Simone de Beauvoir famously said that ”One is not born but becomes a woman” (in her book The Sexond Sex (1949). More on that here). She expressed the philosophical claim that the way society relates to you as a person is in fact constructing your gender. I have known this in theory for years, and intellectually agreed with de Beauvoir’s analysis. But I did not know how true it is that I am constantly being defined by society as a gendered individual until I started working in Israel. And let me say up front: I do not like it much. Gendering people can be endangering them and their freedom to equal and fair treatment.
When I grew up in Northern Europe, and while working different jobs as a student in the capital of my old country, I never experienced that my gender was relevant to my employers or co-workers. I was judged on my performance, my experience, my results and my integrity. But no one acted particularly different around different genders. Also back then I was a considering myself a feminist, but what drove me was principles and theories. I did notice, sadly, a lack of female role models in the echelons of the university and academia, as well as the larger cultural institutions I interned in. But on an everyday basis, I was treated like an employee as any other.
Moving to Israel would change all that. This is a deeply patriarchal society, and despite the democratic garments and values rooted in the Knesset, this place still resembles the Middle Eastearn way of life more than Western Europe. As an orthodox Jew, I was also taken aback by the overwhelming conservatism of my newfound rabbis, and how restricting religion (here: National religious Judaism. I cannot speak for the other streams of our religion) was on my rights as a Jew and as a women. I found a small oasis in Kolech but it is not nearly enough to sustain my mental sanity.
And then came: the Workplace. Fine, I thought. My nationality and religious identity are being addressed in a gendered manner all the time (I am a female Israeli and a female Jew to Others, and my access to the conceptual space of Israeliness and Jewishness is here restricted by my gender. In the Old Country, that was never the case). But, I thought in my naïve optimism, surely my professional life will be different. It is not. Having worked in different offices, with Israelis as well as ‘Anglos’, in businesses and NGO’s and non-for-profits, I still feel my gender stepping through the door before my professional performance. For instance, I was paid less than male co-workers and when I realised this and complained, no one was outraged. I got a raise, so my salary matched that of the ‘guys’ and when i asked “why the original difference” I was told in not so many words that ‘this is how it is.’ The way women are spoken and spoken about is part of the problem. The office chat serves as a gender-magnifying glass, making me a women rather than a colleague. Proving de Beauvoir’s theory right on a daily basis.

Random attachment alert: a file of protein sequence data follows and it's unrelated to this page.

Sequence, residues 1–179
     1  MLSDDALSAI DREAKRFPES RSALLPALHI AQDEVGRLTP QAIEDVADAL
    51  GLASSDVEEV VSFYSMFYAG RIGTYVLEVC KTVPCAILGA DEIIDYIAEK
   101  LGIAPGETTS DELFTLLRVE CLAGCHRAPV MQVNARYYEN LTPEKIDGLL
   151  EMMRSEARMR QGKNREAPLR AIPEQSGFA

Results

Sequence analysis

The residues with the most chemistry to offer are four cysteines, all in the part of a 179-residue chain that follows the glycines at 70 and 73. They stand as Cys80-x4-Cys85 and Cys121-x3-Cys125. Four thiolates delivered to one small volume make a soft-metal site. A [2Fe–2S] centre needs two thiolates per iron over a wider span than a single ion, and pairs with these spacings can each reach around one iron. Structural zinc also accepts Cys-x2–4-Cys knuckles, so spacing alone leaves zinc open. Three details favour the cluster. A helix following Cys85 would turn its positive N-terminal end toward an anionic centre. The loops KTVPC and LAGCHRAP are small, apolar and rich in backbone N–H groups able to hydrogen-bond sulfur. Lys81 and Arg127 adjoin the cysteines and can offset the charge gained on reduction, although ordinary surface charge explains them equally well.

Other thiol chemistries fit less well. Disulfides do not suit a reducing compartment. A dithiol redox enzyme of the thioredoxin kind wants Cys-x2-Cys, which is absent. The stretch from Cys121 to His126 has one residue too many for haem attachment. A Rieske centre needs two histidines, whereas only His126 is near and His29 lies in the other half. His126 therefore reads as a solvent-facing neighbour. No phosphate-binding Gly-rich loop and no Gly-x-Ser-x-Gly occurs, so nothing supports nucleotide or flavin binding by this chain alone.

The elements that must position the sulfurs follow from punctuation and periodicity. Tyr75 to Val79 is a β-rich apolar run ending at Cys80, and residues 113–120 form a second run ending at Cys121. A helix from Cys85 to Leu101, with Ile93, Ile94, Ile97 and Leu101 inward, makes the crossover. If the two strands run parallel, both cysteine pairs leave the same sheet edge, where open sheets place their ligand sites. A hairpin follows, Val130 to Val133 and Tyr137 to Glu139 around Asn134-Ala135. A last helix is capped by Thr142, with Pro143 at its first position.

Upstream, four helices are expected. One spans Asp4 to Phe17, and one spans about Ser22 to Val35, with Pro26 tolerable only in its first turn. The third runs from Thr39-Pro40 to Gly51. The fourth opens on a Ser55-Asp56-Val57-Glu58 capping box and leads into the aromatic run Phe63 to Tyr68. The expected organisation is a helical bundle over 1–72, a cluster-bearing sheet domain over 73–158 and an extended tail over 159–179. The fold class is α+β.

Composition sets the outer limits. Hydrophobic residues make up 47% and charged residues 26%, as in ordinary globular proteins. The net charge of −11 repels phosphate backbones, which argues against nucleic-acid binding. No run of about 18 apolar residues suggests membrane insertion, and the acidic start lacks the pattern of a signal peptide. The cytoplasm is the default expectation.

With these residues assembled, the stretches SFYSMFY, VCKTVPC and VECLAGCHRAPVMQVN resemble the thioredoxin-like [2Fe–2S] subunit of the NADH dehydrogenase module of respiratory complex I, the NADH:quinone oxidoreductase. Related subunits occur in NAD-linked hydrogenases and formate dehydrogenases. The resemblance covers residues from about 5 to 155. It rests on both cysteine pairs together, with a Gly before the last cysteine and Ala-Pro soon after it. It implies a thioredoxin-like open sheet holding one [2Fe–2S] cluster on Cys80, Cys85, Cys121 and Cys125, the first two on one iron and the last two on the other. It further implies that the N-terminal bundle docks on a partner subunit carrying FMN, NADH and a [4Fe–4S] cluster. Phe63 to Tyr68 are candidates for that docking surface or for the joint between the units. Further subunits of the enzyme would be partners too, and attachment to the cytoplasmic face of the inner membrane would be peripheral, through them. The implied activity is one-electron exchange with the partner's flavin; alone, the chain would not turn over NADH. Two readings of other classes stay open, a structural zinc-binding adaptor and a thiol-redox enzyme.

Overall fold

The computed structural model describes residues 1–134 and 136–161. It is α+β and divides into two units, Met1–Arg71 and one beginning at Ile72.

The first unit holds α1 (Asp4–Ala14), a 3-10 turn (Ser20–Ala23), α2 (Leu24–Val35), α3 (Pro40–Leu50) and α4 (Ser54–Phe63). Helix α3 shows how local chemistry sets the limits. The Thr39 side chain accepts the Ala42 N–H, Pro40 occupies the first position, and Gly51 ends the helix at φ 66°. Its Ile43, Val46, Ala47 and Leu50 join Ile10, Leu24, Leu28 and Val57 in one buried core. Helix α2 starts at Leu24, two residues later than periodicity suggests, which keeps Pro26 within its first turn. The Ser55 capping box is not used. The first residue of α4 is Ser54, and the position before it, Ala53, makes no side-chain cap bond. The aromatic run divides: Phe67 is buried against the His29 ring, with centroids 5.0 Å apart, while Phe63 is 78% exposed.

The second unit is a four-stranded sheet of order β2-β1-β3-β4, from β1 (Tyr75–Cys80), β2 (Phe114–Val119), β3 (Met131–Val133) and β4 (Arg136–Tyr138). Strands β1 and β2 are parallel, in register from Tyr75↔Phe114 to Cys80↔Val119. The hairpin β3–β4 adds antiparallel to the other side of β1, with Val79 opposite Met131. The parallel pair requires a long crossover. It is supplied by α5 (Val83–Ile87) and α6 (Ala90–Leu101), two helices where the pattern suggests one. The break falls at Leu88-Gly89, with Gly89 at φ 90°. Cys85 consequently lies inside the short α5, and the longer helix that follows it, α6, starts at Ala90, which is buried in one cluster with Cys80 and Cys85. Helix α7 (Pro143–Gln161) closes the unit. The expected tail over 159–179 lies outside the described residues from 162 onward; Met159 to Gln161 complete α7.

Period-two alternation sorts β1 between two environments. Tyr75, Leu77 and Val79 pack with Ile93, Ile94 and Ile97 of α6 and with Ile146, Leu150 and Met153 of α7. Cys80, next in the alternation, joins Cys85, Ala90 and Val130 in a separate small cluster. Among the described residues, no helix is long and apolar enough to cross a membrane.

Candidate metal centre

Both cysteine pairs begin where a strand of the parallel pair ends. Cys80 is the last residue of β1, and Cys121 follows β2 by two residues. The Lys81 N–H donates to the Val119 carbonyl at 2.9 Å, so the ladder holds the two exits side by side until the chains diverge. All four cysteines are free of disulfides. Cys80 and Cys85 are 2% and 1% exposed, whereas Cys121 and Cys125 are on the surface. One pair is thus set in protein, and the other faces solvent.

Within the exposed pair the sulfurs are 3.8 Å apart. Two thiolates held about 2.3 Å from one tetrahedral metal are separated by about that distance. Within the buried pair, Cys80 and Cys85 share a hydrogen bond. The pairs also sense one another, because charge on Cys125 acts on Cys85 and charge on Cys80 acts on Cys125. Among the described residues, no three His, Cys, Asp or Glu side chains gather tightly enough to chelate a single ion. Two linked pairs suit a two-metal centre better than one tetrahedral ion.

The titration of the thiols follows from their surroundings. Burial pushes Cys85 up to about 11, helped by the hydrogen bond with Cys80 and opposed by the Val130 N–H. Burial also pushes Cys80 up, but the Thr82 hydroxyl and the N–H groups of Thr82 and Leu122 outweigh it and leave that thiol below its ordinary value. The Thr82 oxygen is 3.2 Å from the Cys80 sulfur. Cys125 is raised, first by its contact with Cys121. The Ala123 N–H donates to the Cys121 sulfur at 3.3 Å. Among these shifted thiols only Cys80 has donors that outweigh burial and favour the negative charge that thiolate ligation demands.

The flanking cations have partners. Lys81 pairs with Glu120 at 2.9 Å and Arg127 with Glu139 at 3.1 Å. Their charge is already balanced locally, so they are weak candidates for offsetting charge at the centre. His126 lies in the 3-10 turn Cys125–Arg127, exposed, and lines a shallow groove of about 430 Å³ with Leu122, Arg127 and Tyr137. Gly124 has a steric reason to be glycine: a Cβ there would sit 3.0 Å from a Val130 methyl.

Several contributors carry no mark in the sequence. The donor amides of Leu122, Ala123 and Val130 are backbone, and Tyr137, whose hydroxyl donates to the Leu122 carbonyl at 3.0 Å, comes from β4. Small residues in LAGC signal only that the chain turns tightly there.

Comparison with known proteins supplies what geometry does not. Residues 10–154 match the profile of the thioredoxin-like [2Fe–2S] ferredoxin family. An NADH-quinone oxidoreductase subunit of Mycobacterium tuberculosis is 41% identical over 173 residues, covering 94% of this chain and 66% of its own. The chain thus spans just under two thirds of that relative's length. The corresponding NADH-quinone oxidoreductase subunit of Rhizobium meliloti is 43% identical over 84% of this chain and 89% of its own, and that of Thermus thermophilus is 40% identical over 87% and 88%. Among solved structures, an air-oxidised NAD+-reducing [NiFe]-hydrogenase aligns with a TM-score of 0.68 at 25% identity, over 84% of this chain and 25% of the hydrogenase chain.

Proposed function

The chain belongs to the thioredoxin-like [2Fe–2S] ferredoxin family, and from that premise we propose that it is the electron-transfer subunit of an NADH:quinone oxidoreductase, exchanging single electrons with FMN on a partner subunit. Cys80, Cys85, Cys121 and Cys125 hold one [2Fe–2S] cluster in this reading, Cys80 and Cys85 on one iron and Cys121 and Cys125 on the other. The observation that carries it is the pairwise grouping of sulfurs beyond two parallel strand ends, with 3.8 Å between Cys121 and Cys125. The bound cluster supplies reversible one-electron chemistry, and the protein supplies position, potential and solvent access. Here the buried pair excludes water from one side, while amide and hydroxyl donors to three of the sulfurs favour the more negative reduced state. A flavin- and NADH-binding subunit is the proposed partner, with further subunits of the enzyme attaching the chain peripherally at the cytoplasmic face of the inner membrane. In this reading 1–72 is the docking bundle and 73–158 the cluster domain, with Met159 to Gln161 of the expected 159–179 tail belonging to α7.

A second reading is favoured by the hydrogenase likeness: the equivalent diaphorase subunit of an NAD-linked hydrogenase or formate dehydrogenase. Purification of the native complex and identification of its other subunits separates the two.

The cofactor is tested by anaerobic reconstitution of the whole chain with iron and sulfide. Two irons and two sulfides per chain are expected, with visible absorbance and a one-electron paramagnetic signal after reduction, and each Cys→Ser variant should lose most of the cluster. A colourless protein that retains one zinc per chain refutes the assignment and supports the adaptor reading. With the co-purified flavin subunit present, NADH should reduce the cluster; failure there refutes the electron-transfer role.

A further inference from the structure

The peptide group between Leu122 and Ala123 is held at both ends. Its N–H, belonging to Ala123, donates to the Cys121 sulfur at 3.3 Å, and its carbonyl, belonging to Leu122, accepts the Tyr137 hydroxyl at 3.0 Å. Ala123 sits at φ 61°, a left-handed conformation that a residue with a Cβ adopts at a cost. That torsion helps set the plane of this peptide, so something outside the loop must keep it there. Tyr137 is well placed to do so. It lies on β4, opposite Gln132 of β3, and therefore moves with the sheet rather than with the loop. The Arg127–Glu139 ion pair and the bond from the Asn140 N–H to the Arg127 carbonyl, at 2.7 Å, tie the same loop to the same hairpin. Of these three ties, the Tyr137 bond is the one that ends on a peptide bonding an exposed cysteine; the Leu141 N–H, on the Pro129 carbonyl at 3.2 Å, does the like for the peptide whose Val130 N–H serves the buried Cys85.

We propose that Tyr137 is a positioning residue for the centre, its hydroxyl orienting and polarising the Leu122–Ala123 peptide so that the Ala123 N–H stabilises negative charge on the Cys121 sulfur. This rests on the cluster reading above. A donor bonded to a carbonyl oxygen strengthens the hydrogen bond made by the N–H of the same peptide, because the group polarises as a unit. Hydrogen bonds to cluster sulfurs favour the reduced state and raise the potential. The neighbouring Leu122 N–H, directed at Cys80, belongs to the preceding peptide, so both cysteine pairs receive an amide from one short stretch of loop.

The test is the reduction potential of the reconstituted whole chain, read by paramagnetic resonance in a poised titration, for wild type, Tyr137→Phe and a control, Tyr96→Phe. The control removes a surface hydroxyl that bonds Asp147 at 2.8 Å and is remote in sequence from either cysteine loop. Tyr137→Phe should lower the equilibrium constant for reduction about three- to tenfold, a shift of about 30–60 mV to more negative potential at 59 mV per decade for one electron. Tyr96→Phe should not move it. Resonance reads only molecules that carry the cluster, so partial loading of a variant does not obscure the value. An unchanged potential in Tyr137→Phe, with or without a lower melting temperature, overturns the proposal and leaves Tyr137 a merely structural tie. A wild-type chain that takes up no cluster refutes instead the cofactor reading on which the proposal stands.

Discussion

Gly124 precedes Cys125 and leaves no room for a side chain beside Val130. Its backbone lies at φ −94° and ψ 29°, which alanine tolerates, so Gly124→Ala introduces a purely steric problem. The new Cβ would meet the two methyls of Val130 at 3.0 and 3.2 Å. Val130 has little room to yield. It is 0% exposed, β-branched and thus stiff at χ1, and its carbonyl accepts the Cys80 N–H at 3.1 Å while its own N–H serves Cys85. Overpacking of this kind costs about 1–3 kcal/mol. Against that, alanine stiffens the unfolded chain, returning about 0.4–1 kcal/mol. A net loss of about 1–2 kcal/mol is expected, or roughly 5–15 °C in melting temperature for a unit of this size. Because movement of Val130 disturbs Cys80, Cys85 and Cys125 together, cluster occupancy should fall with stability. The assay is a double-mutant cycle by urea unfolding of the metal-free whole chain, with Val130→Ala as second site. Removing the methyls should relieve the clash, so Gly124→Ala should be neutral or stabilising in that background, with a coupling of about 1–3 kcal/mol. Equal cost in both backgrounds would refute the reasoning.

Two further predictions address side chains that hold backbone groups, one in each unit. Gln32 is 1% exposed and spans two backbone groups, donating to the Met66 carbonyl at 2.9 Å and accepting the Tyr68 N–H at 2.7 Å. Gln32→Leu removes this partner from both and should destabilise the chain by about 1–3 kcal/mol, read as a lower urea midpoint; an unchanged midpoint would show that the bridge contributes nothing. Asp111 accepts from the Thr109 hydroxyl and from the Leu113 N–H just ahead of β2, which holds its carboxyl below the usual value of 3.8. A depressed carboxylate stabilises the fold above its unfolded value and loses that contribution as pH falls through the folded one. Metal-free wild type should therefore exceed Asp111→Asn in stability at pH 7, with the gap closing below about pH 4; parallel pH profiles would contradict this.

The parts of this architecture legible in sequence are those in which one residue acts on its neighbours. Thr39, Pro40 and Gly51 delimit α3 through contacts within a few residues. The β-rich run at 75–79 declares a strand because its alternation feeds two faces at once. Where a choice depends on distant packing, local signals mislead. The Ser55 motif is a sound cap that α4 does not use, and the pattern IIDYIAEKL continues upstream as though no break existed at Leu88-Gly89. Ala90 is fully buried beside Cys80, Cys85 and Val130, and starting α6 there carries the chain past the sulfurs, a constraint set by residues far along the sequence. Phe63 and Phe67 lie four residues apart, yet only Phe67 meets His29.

Ironically, Israel’s law against sexual harassment from 1998 is actually pretty progressive and the MKs should be commended for passing a law of this character. But is has clearly not taken root. What I am addressing here is not physical sexual harassment, but rather the nasty grey zone of ‘verbal culture’ in the office. What is the accepted way of addressing young women? And young men? And why the difference?
I spoke to a female career officer, highly decorated, from the IDF who was part of the group implementing the law in the army. She said that yes, it reflects a way of behavior very far from reality. But that we can’t sit around and wait for society to be ‘ready’ to be gender-neutral. It has to come from the top down. She might be right when it comes to army mentality, but sociologically speaking, social change needs individuals to change.
Recognising that there is a real problem in Israel in how female employees are treated is a first step. But I find that when I speak about this, I am being laughed at. I am too European, too new, too sensitive. Men and women alike have lots of good reasons why the problem is me and my failure to see why a business partner at a meeting calling my “a good looking girl, and smart too!” is acceptable Israeli behavior. I remain convinced that this ‘verbal culture’ is unprofessional and inappropriate. And ultimately unisraeli in a country striving to be a light among the nations. So I remain a gendered and concerned citizen. The irony is that I am absolutely thrilled to be a woman. I just don’t want my rights restricted on that account.